The other day a friend of mine asked me how I planned to spend Martin Luther King Day. I was a bit taken aback at first; she was the last person I expected to make plans to honor a slain civil rights leader. As a young white woman, and as someone with few ties to the African-American community, I didn't think she'd give MLK Day much thought.
Turns out I was mostly right.
The next sentence out of her mouth was "Some friends and I are talking about having a big party Sunday night, since nobody has to work on Monday. Wanna come?"
Thirty-four years after he was killed, Martin Luther King Jr. has become, for many of us, just a good excuse to sleep late. It's a doubly convenient holiday for white Americans.
Not only do we get a day off from school and work but we also get the moral consolation that we've given "them" a day of tribute. Secure in our majority position, we still feel like holidays are ours to give. Besides, for much of white America, MLK Day is a black holiday, just like Martin Luther King Jr. was a black leader.
To make matters worse, the Martin Luther King Jr. that we celebrate today is a kinder, gentler version of himself. When President Reagan ushered in the holiday, he introduced America to a cuddly King. The Martin Luther King Jr. we've created is more pacifist mouthpiece than radical leader; a teddy bear who spews inspirational (but never challenging) ideas when we decide to listen.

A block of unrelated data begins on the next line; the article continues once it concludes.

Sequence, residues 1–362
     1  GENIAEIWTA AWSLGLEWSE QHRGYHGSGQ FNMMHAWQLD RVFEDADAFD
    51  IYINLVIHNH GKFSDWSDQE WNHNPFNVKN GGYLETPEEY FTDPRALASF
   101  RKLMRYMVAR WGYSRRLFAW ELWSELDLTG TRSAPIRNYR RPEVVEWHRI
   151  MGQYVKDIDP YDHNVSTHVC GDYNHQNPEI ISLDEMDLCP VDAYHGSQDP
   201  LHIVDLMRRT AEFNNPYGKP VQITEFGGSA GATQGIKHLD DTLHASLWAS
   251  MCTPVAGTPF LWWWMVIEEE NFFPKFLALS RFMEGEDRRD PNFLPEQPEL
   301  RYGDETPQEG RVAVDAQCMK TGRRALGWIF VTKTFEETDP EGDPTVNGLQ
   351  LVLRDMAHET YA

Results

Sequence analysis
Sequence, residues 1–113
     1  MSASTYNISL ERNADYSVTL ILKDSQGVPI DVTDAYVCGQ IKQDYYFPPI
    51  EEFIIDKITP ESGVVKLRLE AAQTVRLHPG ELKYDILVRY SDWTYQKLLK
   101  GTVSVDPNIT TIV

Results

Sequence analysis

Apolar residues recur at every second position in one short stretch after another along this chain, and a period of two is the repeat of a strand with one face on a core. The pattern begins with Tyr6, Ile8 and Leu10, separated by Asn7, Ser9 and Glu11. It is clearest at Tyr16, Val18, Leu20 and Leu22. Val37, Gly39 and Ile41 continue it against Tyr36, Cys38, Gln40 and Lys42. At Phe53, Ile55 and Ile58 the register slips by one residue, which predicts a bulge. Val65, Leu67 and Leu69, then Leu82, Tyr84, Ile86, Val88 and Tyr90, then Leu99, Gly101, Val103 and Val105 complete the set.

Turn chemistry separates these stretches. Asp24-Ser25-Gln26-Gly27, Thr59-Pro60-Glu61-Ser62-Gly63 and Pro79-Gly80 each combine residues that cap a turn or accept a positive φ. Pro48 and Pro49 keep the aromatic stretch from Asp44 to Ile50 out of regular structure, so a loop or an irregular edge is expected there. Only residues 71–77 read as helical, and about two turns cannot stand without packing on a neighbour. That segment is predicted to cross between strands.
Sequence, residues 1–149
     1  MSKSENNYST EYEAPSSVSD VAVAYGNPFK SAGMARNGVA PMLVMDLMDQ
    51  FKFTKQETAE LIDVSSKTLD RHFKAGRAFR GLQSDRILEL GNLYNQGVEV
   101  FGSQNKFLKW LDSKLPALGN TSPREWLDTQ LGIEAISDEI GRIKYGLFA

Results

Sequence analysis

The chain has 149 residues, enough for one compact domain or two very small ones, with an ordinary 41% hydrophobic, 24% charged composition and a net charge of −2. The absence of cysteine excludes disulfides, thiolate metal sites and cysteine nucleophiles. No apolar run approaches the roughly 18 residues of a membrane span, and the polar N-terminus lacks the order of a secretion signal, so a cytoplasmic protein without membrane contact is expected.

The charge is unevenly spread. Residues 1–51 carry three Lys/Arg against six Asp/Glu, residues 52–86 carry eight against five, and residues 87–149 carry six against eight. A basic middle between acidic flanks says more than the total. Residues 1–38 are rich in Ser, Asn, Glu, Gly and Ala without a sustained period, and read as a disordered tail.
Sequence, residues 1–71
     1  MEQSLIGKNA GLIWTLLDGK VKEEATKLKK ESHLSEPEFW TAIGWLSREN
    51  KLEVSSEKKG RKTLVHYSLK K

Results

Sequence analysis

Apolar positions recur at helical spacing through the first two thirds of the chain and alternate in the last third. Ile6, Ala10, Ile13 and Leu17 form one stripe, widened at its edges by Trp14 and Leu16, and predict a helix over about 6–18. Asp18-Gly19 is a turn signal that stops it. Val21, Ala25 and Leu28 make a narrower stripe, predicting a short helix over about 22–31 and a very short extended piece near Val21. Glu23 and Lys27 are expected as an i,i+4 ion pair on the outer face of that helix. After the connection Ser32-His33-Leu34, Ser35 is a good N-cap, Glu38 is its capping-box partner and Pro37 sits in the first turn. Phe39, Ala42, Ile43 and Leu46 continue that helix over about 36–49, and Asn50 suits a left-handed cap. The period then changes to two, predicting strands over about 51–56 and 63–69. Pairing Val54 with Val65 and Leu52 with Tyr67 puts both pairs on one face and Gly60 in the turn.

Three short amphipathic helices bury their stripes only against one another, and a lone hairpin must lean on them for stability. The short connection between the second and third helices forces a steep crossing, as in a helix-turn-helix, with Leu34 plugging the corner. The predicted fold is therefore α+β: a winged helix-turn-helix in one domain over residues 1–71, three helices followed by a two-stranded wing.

By honoring this more digestible leader we rob King of much of his message. We strip him of the radical ideology that led him and others to endure beatings and jail, bombings and death. Go back and read King's speeches. Better still, go to the National Civil Rights Museum and watch the footage. King's dreams were not just for black people to gain power but for all people to be guaranteed equal access.
Now, perhaps more so than any time since King's assassination, we should recognize how far we have to go. It's currently in vogue to wave flags and revel in our newly found national unity. But as a nation and as a city we are still debating equal access as though it were something, well, debatable. We haven't achieved unity, and the token observance of a holiday won't change that.
Politically, we're only slightly more progressive than when King was alive. Sure, African Americans are no longer barred from water fountains and bathrooms, but is that something to pat ourselves on the backs for? Hardly. We shouldn't get credit for doing what we're supposed to do -- especially when all other choices are morally indefensible.
In Memphis today, we still operate two racially divided governments and two racially divided school districts. Call it "city" and "county" if it helps you sleep at night (and promise each the same funding to ease your conscience), but when you boil it down to the facts it's still separate but equal.
Memphis should have performed some necessary and painful surgery years ago to solve these problems, but we elected instead to just slap Band-Aid after Band-Aid over the gaping wounds.
City-county consolidation is a great start, but it's long overdue and sure to face tough opposition. County (white) residents don't want to be consolidated with city (black) residents. A lot of it's racism, pure and simple. Memphis and Shelby County will continue to wrestle with the same problems -- failing schools, crime, and poverty -- so long as racist attitudes are accepted.
Thirty-four years ago Dr. Martin Luther King Jr. said, "Something is happening in Memphis. Something is happening in our world."
Let's become the city he saw from the mountaintop.
Rebekah Gleaves is a Flyer staff writer.